"Heavy is the cap of Monomach," Stepan Arkadyevitch said playfully,hinting, evidently, not simply at the princess's conversation, but atthe cause of Levin's agitation, which he had noticed.
"How late you are today, Dolly!"
Everyone got up to greet Darya Alexandrovna. Vassenka only rose for aninstant, and with the lack of courtesy to ladies characteristic of themodern young man, he scarcely bowed, and resumed his conversation again,laughing at something.
"I've been worried about Masha. She did not sleep well, and isdreadfully tiresome today," said Dolly.
The conversation Vassenka had started with Kitty was running on the samelines as on the previous evening, discussing Anna, and whether love isto be put higher than worldly considerations. Kitty disliked theconversation, and she was disturbed both by the subject and the tone inwhich it was conducted, and also by the knowledge of the effect it wouldhave on her husband. But she was too simple and innocent to know how tocut short this conversation, or even to conceal the superficial pleasureafforded her by the young man's very obvious admiration. She wanted tostop it, but she did not know what to do. Whatever she did she knewwould be observed by her husband, and the worst interpretation put onit. And, in fact, when she asked Dolly what was wrong with Masha, andVassenka, waiting till this uninteresting conversation was over, beganto gaze indifferently at Dolly, the question struck Levin as anunnatural and disgusting piece of hypocrisy.
"What do you say, shall we go and look for mushrooms today?" said Dolly.
"By all means, please, and I shall come too," said Kitty, and sheblushed. She wanted from politeness to ask Vassenka whether he wouldcome, and she did not ask him. "Where are you going, Kostya?" she askedher husband with a guilty face, as he passed by her with a resolutestep. This guilty air confirmed all his suspicions.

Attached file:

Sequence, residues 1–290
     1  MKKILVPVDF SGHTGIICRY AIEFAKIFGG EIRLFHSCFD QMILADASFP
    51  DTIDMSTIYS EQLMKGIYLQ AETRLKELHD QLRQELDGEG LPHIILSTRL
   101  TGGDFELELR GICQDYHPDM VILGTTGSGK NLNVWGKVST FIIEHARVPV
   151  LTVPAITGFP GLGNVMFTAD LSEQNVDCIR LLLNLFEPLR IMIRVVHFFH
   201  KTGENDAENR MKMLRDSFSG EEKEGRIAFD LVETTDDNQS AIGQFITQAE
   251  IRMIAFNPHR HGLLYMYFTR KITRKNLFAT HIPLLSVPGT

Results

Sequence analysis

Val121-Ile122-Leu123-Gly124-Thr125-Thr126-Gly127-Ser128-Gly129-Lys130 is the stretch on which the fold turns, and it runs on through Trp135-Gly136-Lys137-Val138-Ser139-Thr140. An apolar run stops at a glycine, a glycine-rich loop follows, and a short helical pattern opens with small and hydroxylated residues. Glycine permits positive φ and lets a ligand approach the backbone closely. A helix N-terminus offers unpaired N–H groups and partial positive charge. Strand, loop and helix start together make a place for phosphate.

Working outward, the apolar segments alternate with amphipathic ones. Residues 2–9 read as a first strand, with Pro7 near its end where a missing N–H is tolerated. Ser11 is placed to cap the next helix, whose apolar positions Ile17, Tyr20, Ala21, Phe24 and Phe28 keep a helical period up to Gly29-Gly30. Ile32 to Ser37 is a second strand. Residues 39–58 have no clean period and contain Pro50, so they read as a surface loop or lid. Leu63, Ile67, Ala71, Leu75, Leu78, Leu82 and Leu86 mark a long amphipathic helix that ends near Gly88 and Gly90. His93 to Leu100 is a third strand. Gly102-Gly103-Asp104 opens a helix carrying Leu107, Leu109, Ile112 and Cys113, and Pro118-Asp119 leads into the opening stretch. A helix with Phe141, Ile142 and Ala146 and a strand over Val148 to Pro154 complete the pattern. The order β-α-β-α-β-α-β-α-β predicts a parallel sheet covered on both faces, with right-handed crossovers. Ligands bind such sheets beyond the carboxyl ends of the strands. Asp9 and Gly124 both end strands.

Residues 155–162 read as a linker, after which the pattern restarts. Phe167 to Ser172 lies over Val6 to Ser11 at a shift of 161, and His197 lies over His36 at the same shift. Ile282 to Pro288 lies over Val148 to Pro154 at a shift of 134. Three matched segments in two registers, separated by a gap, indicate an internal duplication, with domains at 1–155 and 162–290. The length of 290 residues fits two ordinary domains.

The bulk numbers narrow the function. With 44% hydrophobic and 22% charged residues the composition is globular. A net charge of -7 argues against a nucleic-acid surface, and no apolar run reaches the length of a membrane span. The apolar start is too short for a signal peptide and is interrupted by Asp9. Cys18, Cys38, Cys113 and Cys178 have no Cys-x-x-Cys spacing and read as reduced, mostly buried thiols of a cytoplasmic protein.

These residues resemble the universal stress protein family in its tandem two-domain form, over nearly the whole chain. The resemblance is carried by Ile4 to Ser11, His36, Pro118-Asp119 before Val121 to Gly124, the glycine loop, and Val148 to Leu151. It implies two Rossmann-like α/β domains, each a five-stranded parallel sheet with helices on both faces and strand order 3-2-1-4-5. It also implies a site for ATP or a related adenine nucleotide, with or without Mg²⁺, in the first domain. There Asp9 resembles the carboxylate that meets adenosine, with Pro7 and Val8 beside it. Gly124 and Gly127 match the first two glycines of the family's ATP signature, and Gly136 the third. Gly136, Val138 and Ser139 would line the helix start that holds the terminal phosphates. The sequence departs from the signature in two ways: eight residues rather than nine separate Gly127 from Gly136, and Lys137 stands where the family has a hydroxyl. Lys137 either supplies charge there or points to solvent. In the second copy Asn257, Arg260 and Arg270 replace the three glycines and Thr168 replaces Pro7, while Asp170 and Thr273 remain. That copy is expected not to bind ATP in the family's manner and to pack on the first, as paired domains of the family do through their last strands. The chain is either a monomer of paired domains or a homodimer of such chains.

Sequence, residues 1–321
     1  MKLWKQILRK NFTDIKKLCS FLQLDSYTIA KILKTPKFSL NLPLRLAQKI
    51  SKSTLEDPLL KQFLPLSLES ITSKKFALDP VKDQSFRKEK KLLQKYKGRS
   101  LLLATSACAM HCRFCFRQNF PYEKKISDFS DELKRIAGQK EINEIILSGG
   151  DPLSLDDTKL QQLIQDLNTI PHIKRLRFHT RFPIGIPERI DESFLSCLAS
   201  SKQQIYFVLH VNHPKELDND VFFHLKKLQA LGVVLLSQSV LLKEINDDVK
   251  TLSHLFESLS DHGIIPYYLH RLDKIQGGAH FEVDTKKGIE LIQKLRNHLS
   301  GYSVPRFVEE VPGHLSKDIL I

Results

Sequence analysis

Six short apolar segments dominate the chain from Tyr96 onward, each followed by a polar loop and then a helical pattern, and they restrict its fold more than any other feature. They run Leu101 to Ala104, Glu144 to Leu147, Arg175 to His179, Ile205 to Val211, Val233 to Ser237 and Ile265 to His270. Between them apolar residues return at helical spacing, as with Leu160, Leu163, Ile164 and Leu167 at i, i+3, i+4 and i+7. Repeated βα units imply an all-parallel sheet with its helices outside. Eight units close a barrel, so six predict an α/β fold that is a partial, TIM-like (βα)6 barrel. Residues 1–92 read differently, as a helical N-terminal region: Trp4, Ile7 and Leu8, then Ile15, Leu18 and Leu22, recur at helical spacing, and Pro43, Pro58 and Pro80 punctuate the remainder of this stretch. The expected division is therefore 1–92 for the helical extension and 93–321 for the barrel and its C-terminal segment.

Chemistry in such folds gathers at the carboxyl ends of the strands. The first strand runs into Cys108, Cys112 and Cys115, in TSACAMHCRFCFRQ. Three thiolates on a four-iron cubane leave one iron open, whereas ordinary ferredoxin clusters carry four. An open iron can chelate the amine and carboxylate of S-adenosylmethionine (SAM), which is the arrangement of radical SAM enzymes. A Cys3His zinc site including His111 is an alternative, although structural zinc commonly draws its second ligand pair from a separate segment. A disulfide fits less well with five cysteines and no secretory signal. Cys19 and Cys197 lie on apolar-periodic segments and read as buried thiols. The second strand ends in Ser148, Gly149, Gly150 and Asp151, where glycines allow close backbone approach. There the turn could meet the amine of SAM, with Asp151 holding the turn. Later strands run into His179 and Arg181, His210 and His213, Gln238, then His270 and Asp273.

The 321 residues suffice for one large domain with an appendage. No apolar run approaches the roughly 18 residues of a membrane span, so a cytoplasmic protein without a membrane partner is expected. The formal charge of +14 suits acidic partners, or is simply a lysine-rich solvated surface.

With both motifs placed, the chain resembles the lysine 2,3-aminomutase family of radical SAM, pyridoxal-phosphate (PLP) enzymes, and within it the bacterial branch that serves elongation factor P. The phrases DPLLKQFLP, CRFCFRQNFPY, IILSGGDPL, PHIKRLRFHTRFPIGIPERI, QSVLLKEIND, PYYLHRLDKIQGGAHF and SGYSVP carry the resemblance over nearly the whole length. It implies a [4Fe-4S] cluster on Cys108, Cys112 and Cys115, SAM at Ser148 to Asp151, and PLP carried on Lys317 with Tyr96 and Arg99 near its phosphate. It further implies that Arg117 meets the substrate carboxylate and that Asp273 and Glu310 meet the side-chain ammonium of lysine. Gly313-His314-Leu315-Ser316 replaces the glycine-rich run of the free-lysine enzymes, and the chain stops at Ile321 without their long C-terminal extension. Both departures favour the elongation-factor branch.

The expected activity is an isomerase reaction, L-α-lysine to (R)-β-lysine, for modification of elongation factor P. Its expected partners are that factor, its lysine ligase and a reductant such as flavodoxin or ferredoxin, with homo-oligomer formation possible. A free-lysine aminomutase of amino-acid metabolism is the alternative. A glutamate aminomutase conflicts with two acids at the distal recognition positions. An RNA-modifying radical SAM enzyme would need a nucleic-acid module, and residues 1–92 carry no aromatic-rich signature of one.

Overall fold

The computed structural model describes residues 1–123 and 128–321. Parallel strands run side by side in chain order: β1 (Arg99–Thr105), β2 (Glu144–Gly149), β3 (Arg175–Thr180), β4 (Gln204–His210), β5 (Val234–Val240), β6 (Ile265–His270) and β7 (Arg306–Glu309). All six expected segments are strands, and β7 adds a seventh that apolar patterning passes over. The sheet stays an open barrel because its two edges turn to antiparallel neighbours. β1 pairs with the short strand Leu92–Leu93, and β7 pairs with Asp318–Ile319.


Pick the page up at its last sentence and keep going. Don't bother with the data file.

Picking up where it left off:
"The mechanician came when I was away; I haven't seen him yet," he said,not looking at her.
He went downstairs, but before he had time to leave his study he heardhis wife's familiar footsteps running with reckless speed to him.
"What do you want?" he said to her shortly. "We are busy."
"I beg your pardon," she said to the German mechanician; "I want a fewwords with my husband."
The German would have left the room, but Levin said to him:
"Don't disturb yourself."
"The train is at three?" queried the German. "I mustn't be late."
Levin did not answer him, but walked out himself with his wife.
"Well, what have you to say to me?" he said to her in French.
He did not look her in the face, and did not care to see that she in hercondition was trembling all over, and had a piteous, crushed look.
"I ... I want to say that we can't go on like this; that this ismisery..." she said.
"The servants are here at the sideboard," he said angrily; "don't make ascene."
"Well, let's go in here!"
They were standing in the passage. Kitty would have gone into the nextroom, but there the English governess was giving Tanya a lesson.
"Well, come into the garden."
In the garden they came upon a peasant weeding the path. And no longerconsidering that the peasant could see her tear-stained and his agitatedface, that they looked like people fleeing from some disaster, they wenton with rapid steps, feeling that they must speak out and clear upmisunderstandings, must be alone together, and so get rid of the miserythey were both feeling.
"We can't go on like this! It's misery! I am wretched; you are wretched.What for?" she said, when they had at last reached a solitary gardenseat at a turn in the lime tree avenue.
"But tell me one thing: was there in his tone anything unseemly, notnice, humiliatingly horrible?" he said, standing before her again in thesame position with his clenched fists on his chest, as he had stoodbefore her that night.
"Yes," she said in a shaking voice; "but, Kostya, surely you see I'm notto blame? All the morning I've been trying to take a tone ... but suchpeople.... Why did he come? How happy we were!" she said, breathlesswith the sobs that shook her.